The Bad Batch clips

With summer blockbuster season behind us and fall festival season in full swing, we’re starting to get a peek at some of the more offbeat entertainments coming up on the horizon. One title we’ve been particularly interested to see is The Bad Batch, the second feature from director Ana Lily Amirpour. Her debut, A Girl Walks Home Alone at Night, wowed with its style and originality, and the premise of The Bad Batch — “a girl walks across a cannibal-infested desert at midday” — suggests she’s not toning down any of her unconventional edge. Toss in

Toss in Jason Momoa and Suki Waterhouse as the two leads, and it’s no wonder this film was building hype before it even made its Venice premiere. Today we’ve got the first two Bad Batch clips to give you a little taste of the madness to come, plus a look at some of the early reviews. 

The Playlist debuted the first two The Bad Batch clips. The story follows a Texan girl (Waterhouse) who’s cast out of civilized society and subsequently captured by a group of cannibals (including one played by Momoa). Keanu ReevesJim CarreyDiego Luna, and Giovanni Ribisi also star. The first clip below introduces Momoa’s character and the world he inhabits, while the second is all about Waterhouse.

Not a lot really happens in the clips, but they do a lot to establish the weird, dystopian setting of The Bad Batch. Clearly, Amirpour hasn’t lost her knack for setting a mood. Otherwise, however, reviews for The Bad Batch have been somewhat mixed.

Rory O’Connor at The Film Stage:

Ana Lily Amirpour’s second feature shoots for Harmony Korine meets Mad Max and would have nearly almost hit the mark were it not for the gratingly aloof attitude and the swaths of directorial license being taken. The Bad Batch — an ambitious, expansive dystopian sci-fi western which features partying, drugs, and cannibals — might come as music to the ears of diehard fans of films like Spring Breakers and Gummo (a kid doesn’t quite eat spaghetti in a bathtub, but a kid does eat spaghetti after being in a bathtub). However, beneath its dazzlingly hip surface the script and characters leave much to be desired. It’s like taking a trip to Burning Man: a pseudo-spiritual, uniquely punky experience perhaps, but one that’s full of annoying rich kids and ultimately emotionally shallow.

Jessica Kiang at The Playlist:

Consider, for a moment, a lesser “Mad Max: Fury Road.” Now consider a greater “Southland Tales.” Now drive out, preferably on a clapped-out scooter or a souped-up golf cart, into the Saharan expanse of quality that still exists between those two things, find the exact midpoint and plant a flag for Ana Lily Amirpour‘s second feature “The Bad Batch,” a film that frustratingly contains a good, or at least a fun movie, without actually being a good, or a particularly fun, movie. There’s hope, to be sure: a snip-happy re-edit of the exact footage that unfurled at its Venice premiere could maybe deliver exactly the rip-roaring, grotesque, 85-minute grindhouse nasty we all hoped that the director of “A Girl Walks Home Alone At Night” would turn in for her sophomore feature, but the 112-minute version plays instead like an unnecessary, long-after-the-fact, extended cut of that film.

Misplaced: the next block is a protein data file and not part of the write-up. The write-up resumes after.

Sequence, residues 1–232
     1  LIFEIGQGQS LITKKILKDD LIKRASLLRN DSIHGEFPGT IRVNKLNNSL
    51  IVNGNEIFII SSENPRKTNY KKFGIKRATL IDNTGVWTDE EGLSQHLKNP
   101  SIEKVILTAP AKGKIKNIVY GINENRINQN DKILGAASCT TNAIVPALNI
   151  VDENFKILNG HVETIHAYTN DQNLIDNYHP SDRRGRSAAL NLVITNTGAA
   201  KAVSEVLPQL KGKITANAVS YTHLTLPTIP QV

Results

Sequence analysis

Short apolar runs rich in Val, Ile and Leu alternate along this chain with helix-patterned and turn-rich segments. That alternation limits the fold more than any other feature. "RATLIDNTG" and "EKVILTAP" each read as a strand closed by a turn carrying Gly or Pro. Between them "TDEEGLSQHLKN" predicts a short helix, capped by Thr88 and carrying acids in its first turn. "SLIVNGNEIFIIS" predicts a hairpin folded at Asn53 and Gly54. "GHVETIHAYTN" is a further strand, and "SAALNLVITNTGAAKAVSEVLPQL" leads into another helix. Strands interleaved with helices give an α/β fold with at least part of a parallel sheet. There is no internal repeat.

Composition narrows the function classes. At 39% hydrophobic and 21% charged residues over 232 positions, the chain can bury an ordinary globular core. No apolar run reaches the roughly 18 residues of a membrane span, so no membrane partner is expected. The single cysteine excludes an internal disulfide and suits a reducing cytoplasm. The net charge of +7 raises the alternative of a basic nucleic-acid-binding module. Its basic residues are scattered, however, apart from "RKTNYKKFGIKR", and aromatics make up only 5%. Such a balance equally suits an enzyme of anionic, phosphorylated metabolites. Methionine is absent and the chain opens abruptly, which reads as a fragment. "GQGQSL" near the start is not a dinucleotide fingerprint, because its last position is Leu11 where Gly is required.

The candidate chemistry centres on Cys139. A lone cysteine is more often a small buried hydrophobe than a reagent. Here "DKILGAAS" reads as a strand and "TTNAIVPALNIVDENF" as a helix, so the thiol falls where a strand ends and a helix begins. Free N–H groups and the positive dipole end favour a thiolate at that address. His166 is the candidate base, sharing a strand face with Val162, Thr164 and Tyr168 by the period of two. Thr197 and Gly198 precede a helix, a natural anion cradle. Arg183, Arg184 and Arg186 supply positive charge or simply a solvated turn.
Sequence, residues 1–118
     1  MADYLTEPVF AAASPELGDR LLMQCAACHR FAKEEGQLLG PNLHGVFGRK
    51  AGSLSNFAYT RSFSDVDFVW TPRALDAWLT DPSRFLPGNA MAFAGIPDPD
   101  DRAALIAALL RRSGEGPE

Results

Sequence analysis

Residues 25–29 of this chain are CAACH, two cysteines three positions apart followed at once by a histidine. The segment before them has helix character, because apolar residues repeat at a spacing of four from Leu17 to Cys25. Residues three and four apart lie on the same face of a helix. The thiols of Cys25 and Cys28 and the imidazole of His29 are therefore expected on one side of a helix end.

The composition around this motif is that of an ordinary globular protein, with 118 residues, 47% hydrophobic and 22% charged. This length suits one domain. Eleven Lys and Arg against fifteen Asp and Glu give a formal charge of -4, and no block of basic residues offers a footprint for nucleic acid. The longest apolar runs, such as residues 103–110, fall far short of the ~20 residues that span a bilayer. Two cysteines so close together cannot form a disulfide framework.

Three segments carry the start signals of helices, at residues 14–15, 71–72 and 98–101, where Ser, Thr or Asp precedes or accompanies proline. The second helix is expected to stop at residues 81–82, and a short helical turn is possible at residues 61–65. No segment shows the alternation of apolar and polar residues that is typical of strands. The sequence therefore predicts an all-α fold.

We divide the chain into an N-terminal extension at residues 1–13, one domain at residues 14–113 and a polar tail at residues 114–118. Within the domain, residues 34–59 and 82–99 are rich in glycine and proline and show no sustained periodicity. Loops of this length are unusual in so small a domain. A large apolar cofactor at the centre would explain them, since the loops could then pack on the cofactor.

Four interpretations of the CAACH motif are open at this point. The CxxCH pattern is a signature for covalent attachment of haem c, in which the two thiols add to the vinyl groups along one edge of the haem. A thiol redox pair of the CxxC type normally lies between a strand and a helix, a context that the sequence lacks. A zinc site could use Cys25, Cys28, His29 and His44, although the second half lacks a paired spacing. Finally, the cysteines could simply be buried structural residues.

Guy Lodge at Variety:

Still, as sophomore slumps go, “The Bad Batch” remains a seductive one, alive with electric imagery and inchoate ideas regarding heroism in the margins, and the fundamental inequity of the American Dream. Would that Amirpour trusted the subtext of her own script a bit more: There’s surely little need for on-screen billboards bearing slogans like, “You can’t enter the Dream, the Dream enters you.”

David Rooney at The Hollywood Reporter:

Running close to two hours, the movie is overlong and not without draggy patches, but it’s sustained enough to keep you watching. And with its depiction of an extraterritorial American wasteland where society’s rejects are dumped to fend for themselves after being tattooed with a “bad batch” number, it’s also a bizarro fantasy that might easily be the hideous result of some kind of demagogical Donald Trump cleanup experiment. Its weirdness alone should guarantee the movie an audience, unlike The Neon Demon, a far more self-indulgent and self-consciously droll recent excursion into genre art that shared scenes of human snack food.

In short, The Bad Batch seems like more of a mixed bag than A Girl Walks Home Alone at Night was, but it also sounds like the next step forward in establishing Amirpour as a rising filmmaker to watch. The Bad Batch next hits TIFF. It does not yet have a U.S. release date.

A girl walks across a cannibal-infested desert at midday…. Ana Lily Amirpour’s highly anticipated follow-up to A Girl Walks Home Alone at Night feints in the direction of sensationalistic horror — and, be forewarned, blood is spilled and limbs are hacked — but The Bad Batch, like Amirpour’s deliciously low-key debut, uses genre as a springboard for high style and social commentary.

The aforementioned girl (Suki Waterhouse) is one of thousands of Americans deemed unacceptable to civilized society. While wandering in her desert exile, she is captured by a community of cannibals. She manages to escape, soon ending up at a very different enclave of outcasts. Our heroine is safe here, but still does not quite feel that she has found her tribe.

On an excursion beyond the gates of her new shelter, she encounters one of her former cannibal captors (Jason Momoa), who ends up requiring her help. But can she do it without one of them getting slaughtered in the human-eat-human world where savagery is considered central to survival?

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